Simplified models for disaggregated RBCs

The most simple model is obtained by assuming that RBCs are randomly and independently distributed, it means that their positions are uncorrelated. In this case, the BSC is proportional to the number density of scatterers n as: BSC(k) = nb(k): (1.16).
Yuan & Shung [Yuan and Shung, 1988] conducted experiments on porcine RBCs suspended in a saline suspension in order to measure the BSC as a function of the hematocrit. Note that RBCs suspended in saline solution do not exhibit aggregation. Their results showed that this model is valid for disaggregated RBCs with hematocrit values less than 8%. A non-linear relationship between the backscatter amplitude and hematocrit was observed as shown in Fig. (1.8). It suggest that the effects of spatial correlation between RBCs can no longer be neglected for hematocrit greater than 8%.

Backscattering cross-section by a single prolate-shaped aggregate of RBCs

Before modeling the ultrasound backscattering by an ensemble of anisotropic aggregates, this work focuses on the modeling of the backscattering by a single anisotropic aggregate of RBCs. The backscattering cross-section by a single spherical aggregate of RBCs was previously developed during the PhD work of Romain de Monchy at LMA [de Monchy et al., 2016b]. As part of the present work, this model was extended for the case of aggregates with prolate ellipsoidal shape, as presented in this section. This theoretical extension was assessed using 3D computer simulations of ultrasound backscatter from a single aggregate of RBCs.

READ  Generalities on hydrodynamics and sediment transport

Theory: coherent and incoherent ultrasound backscatter from a single prolateshaped aggregate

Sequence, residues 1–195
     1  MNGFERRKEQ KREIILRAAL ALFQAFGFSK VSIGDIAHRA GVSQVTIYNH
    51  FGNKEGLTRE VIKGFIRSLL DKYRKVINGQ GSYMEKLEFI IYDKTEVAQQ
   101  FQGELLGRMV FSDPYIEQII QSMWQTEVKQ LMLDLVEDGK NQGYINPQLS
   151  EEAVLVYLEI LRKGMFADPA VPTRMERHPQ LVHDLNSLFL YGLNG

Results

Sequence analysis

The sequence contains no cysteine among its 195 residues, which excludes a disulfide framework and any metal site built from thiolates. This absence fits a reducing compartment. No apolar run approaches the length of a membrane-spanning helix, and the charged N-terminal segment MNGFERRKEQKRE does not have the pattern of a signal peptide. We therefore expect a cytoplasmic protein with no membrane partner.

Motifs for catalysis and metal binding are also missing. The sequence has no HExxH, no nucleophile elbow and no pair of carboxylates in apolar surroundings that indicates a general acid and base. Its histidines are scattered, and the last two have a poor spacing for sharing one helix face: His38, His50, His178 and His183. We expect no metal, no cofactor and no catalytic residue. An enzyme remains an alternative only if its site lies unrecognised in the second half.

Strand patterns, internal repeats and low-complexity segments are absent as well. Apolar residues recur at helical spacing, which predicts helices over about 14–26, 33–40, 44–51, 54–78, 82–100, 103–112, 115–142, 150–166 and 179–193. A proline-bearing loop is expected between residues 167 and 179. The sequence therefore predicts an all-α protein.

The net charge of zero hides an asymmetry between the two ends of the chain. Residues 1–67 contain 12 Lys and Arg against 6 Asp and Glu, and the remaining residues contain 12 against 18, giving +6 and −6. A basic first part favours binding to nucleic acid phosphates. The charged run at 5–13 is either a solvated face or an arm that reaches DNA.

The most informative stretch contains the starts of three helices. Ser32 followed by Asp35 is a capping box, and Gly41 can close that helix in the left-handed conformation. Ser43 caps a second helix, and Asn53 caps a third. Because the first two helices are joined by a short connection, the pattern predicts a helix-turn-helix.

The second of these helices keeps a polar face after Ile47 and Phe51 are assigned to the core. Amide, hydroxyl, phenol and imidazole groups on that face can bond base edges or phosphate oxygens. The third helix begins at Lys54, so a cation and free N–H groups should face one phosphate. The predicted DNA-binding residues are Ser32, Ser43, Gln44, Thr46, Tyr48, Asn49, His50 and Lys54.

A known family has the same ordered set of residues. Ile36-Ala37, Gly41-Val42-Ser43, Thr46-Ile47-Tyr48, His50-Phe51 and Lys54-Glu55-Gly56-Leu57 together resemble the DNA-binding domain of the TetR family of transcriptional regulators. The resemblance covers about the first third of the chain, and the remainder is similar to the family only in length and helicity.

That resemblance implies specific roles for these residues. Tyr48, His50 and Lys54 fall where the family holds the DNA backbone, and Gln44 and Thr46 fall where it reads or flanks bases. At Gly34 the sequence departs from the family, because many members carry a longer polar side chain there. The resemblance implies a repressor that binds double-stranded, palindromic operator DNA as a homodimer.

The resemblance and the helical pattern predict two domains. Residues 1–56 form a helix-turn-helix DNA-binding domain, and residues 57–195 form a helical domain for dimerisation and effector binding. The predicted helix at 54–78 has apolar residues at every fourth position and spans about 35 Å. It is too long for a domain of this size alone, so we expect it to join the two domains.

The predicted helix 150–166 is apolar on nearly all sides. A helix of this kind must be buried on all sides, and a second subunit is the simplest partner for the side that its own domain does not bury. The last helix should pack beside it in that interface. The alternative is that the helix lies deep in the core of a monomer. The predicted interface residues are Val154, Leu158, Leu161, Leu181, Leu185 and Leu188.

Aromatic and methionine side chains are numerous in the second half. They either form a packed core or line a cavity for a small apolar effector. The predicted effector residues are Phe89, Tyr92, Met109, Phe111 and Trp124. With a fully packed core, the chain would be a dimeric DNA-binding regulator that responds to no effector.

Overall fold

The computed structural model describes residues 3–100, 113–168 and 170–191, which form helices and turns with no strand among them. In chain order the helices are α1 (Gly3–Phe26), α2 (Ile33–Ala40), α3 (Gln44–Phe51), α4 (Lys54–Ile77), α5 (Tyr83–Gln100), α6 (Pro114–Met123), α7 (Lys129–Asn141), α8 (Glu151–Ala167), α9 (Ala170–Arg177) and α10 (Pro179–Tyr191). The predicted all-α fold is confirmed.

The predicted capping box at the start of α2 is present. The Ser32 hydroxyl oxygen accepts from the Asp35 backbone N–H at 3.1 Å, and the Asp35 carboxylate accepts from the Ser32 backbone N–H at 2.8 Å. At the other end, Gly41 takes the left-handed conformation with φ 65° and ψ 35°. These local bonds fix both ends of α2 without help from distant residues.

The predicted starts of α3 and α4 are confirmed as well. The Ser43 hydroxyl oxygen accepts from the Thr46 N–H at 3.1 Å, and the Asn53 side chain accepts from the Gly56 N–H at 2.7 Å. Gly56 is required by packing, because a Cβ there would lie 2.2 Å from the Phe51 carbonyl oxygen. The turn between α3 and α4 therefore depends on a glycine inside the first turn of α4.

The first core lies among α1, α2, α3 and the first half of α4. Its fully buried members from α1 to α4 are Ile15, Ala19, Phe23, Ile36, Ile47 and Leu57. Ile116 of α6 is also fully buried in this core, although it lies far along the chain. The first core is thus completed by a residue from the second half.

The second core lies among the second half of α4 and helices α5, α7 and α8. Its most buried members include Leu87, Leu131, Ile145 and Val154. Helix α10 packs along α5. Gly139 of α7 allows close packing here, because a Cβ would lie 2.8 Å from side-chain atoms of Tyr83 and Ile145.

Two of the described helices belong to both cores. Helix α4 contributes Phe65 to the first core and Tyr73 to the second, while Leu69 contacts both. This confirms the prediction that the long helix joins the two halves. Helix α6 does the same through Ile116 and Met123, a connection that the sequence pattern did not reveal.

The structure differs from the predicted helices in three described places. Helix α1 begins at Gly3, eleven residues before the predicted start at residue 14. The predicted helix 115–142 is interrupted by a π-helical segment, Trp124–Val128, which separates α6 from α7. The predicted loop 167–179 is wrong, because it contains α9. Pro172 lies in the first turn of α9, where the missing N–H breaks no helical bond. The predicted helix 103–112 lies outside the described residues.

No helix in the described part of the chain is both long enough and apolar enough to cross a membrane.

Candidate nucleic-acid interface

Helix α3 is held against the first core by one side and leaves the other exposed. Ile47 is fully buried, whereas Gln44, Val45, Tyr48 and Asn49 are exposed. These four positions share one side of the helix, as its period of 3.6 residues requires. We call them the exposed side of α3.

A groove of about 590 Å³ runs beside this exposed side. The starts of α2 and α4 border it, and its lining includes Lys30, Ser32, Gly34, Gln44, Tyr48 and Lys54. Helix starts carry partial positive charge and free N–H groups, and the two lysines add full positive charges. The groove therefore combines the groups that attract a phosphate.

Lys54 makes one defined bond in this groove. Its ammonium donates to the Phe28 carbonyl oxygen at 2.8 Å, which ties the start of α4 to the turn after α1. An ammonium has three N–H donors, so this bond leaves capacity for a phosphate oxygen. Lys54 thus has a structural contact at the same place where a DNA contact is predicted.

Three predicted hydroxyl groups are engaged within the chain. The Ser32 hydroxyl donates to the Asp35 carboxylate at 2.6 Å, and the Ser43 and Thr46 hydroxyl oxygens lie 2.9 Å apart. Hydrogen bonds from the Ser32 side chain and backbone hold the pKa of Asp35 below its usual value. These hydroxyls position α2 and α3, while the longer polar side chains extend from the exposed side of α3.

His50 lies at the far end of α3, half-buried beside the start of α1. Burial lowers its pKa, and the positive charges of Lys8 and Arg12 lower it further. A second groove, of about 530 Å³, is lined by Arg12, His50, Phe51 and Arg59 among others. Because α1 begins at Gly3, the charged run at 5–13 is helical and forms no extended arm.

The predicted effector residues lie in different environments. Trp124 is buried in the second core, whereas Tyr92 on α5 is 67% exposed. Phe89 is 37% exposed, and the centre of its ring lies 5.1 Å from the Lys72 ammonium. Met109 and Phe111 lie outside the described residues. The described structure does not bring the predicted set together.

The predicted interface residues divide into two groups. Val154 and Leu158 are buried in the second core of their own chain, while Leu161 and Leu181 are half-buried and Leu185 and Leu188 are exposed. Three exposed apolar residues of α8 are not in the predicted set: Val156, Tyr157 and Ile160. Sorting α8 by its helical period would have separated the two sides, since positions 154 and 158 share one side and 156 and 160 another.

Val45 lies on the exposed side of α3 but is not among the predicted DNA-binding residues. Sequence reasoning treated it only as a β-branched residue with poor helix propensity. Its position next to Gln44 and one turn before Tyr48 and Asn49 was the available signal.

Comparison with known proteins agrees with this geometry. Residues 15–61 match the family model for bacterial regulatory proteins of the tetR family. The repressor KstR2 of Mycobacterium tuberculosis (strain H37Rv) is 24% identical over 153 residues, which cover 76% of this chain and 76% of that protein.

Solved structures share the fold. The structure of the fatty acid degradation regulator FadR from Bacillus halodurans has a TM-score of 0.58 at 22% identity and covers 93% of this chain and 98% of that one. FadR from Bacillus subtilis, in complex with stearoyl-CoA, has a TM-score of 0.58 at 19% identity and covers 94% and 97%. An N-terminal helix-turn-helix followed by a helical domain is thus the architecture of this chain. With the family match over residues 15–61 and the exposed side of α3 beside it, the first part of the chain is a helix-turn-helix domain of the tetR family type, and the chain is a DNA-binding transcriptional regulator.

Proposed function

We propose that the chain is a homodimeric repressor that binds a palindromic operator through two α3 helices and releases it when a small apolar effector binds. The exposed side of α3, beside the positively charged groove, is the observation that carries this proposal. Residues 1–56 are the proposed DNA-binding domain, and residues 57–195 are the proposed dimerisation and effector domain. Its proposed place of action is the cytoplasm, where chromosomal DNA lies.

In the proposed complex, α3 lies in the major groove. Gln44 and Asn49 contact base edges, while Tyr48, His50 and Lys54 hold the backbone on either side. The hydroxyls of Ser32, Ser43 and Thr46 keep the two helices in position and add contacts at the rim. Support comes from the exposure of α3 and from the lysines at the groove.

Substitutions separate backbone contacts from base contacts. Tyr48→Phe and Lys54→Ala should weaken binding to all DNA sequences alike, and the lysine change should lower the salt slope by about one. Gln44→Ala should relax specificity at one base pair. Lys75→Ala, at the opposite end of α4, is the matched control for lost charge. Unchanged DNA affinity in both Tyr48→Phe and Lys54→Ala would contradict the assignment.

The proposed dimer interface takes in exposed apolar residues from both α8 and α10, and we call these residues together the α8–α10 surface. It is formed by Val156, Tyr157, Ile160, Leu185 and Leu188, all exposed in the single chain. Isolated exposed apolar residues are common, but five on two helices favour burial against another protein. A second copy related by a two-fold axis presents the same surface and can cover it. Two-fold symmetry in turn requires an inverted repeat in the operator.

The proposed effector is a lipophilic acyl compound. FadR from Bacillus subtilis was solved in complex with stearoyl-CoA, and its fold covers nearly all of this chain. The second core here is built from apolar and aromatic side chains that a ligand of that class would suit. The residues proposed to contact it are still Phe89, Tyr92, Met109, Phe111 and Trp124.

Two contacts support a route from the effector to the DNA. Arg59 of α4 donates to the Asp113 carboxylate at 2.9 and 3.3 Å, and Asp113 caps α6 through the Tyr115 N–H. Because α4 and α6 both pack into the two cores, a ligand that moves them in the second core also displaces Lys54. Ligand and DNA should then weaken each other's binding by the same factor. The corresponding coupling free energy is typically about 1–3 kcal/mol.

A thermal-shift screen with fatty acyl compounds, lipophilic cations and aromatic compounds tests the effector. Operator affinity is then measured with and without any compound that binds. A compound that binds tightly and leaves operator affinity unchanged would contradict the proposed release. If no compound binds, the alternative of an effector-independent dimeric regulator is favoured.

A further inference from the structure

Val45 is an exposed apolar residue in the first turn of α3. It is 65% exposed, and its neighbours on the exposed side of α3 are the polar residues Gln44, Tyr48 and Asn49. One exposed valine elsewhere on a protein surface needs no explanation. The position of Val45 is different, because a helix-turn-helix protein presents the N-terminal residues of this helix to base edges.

In the following, the incident wavelength is assumed to be larger than the RBC size, such that the RBC shape can be approximated by a sphere of radius a with an equivalent volume Vc = (4=3)a3. The RBCs are described in terms of their mass density c and compressibility c, and their surrounding medium, the plasma, is characterized by its mass density o and compressibility o. The parameters = (c􀀀0)=0 and = (c 􀀀 0)=c correspond to the fractional variations in compressibility and mass density, respectively. It is assumed that an aggregate contains N identical RBCs randomly distributed within it. The shape of an aggregate is approximated by a prolate ellipsoid having a semi-minor axis bag and a semi-major axis agbag (with ag defined as the axial ratio). Using Born and far-field approximations, the backscattering amplitude from a single RBC aggregate ag can be expressed as (see Eq. (4) in Ref. [de Monchy et al., 2016b]) ag(k) = k2( 􀀀 ) 4 VcF0(k;a) XN j=1 e2ik n0rj .

Table of contents :

List of symbols
List of acronyms
INTRODUCTION
I Theoretical part 
1 State of the art: scattering modeling for ultrasound blood characterization 
1.1 Phenomenon of RBC aggregation
1.2 Quantitative ultrasound techniques based on backscatter coefficient measurements
1.3 Assumptions for modeling ultrasound backscattering by blood
1.3.1 Red blood cells as the main source of scattering in blood
1.3.2 The Born approximation
1.4 Ultrasonic scattering model for a single RBC
1.5 Ultrasonic scattering models for an ensemble of RBCs
1.5.1 Particle model
1.5.2 Simplified models for disaggregated RBCs
1.5.3 Simplified models for aggregated RBCs
1.5.3.1 Structure factor size estimator (SFSE)
1.5.3.2 Effective medium theory combined with the structure factor model (EMTSFM) 14
1.6 Motivation: limitations of current models
2 Ultrasonic scattering modeling of red blood cells aggregates taking into account anisotropy 
2.1 Backscattering cross-section by a single prolate-shaped aggregate of RBCs
2.1.1 Theory: coherent and incoherent ultrasound backscatter from a single prolate-shaped aggregate
2.1.1.1 The coherent component
2.1.1.2 The incoherent component
2.1.2 3D simulation method
2.1.3 Results and discussion: comparison between theoretical and simulated ag
2.2 Backscattering by an ensemble of prolate-shaped aggregates
2.2.1 Effective Medium Theory combined with the Local Monodisperse Approximation (EMTLMA) for perfectly aligned prolate ellipsoids